Product Pathways - Apoptosis
TANK Antibody #2141
|W IP||H M R (Mk) (B) (Dg)||Endogenous||50||Rabbit|
Reactivity Key: H=Human M=Mouse R=Rat Mk=Monkey B=Bovine Dg=Dog
Species cross-reactivity is determined by western blot. Species enclosed in parentheses are predicted to react based on 100% sequence homology.
Specificity / Sensitivity
TANK Antibody detects endogenous levels of total TANK protein. It does not cross react with other TRAF family members.
Source / Purification
Polyclonal antibodies are produced by immunizing animals with a synthetic peptide corresponding to residues surrounding Ser357 of human TANK. Antibodies are purified by protein A and peptide affinity chromatography.
TRAFs (TNF receptor-associated factors) are a family of multifunctional adaptor proteins that bind to surface receptors and recruit additional proteins to form multiprotein signaling complexes capable of promoting cellular responses (1-3). Members of the TRAF family share a common carboxy-terminal "TRAF domain" which mediates interactions with associated proteins; many also contain amino-terminal Zinc/RING finger motifs. The first TRAFs identified, TRAF1 and TRAF2, were found by virtue of their interactions with the cytoplasmic domain of TNF-receptor 2 (TNFRII) (4). The six known TRAFs (TRAF1-6) act as adaptor proteins for a wide range of cell surface receptors and participate in the regulation of cell survival, proliferation, differentiation, and stress responses.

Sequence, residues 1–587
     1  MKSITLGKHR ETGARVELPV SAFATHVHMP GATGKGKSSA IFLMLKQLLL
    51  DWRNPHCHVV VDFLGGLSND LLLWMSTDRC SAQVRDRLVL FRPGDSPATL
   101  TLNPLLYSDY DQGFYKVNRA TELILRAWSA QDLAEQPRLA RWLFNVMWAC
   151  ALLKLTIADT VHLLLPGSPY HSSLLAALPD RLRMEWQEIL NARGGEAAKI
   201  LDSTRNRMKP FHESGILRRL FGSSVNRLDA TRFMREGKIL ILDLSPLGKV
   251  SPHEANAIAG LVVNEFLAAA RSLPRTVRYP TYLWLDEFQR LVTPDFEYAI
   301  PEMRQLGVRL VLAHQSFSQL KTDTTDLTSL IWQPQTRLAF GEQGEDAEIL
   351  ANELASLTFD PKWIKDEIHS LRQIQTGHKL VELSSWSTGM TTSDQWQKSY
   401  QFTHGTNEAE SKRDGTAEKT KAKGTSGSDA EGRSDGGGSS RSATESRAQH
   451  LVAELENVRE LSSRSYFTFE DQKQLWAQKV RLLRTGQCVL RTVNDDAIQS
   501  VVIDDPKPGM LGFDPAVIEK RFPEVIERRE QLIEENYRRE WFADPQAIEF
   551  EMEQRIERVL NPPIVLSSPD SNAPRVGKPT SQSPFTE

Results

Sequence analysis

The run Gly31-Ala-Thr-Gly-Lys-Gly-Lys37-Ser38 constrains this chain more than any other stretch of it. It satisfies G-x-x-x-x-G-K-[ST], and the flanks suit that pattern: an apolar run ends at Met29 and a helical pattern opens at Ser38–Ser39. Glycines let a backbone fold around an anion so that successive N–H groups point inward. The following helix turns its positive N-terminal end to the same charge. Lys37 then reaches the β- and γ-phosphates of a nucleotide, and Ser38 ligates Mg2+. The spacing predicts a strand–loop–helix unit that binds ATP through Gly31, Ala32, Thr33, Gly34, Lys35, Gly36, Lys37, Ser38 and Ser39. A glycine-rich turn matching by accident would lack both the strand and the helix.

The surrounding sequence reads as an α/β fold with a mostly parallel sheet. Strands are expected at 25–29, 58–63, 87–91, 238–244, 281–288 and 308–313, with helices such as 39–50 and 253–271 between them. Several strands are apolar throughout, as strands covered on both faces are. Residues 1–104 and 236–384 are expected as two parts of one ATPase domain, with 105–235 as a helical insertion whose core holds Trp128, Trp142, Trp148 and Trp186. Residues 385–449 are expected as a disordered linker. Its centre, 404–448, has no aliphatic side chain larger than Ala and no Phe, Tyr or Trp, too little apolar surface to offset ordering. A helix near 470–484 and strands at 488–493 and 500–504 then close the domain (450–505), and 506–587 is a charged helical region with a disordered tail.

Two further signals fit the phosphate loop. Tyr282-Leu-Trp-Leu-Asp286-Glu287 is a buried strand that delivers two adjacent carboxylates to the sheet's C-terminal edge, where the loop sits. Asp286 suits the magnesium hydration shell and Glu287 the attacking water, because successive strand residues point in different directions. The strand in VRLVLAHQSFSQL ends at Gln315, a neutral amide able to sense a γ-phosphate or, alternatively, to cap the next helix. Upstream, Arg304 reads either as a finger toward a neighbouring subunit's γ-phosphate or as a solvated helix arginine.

TRAF-associated NF-κB activator (TANK), also known as TRAF-interacting protein (I-TRAF), is a TRAF binding protein that demonstrates both stimulatory and inhibitory properties (5,6). TANK binds to the carboxy domain of the TRAF1, -2 and -3. Overexpression of TANK prevents the association of TRAF2 with TNFR2, inhibiting TNFR2 and CD40 induced NF-κB activation (6). TANK is also reported to synergize with low levels of TRAF2 to activate NF-κB (5). TANK assists in the activation of NF-κB via association and activation of TANK-binding kinase 1 (TBK1) or IKKε which promotes activation of the IKK complex (7,8). It has also been shown that TANK may synergize with TRAF2, TRAF5, and TRAF6 but not TRAF3 in SAPK activation (9). TNFα stimulation results in IKKβ-dependent phosphorylation of TANK which may provide negative feedback regulation of TANK mediated NF-κB activation (10).
- Arch, R.H. et al. (1998) Genes Dev. 12, 2821-2830.
- Chung, J. Y. et al. (2002) J. Cell Sci. 115, 679-688.
- Bradley, J.R. and Pober, J.S. (2001) Oncogene 20, 6482-6491.
- Rothe, M. et al. (1994) Cell 78, 681-692.
- Cheng, G. and Baltimore, D. (1996) Genes Dev. 10, 963-973.
- Rothe, M. et al. (1996) Proc. Natl. Acad. Sci. USA 93, 8241-8846.
- Pomerantz, J.L. and Baltimore, D. (1999) EMBO J. 18, 6694-6704.
- Chariot, A. et al. (2002) J. Biol. Chem. 277, 37029-37036.
- Chin, A.I. et al. (1999) Mol. Cell. Biol. 19, 6665-6672.
- Bonif, M. et al. (2006) Biochem. J. 394, 593-603.
- Kawagoe, T. et al. (2009) Nat Immunol , . Applications: Western Blotting
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For Research Use Only. Not For Use In Diagnostic Procedures.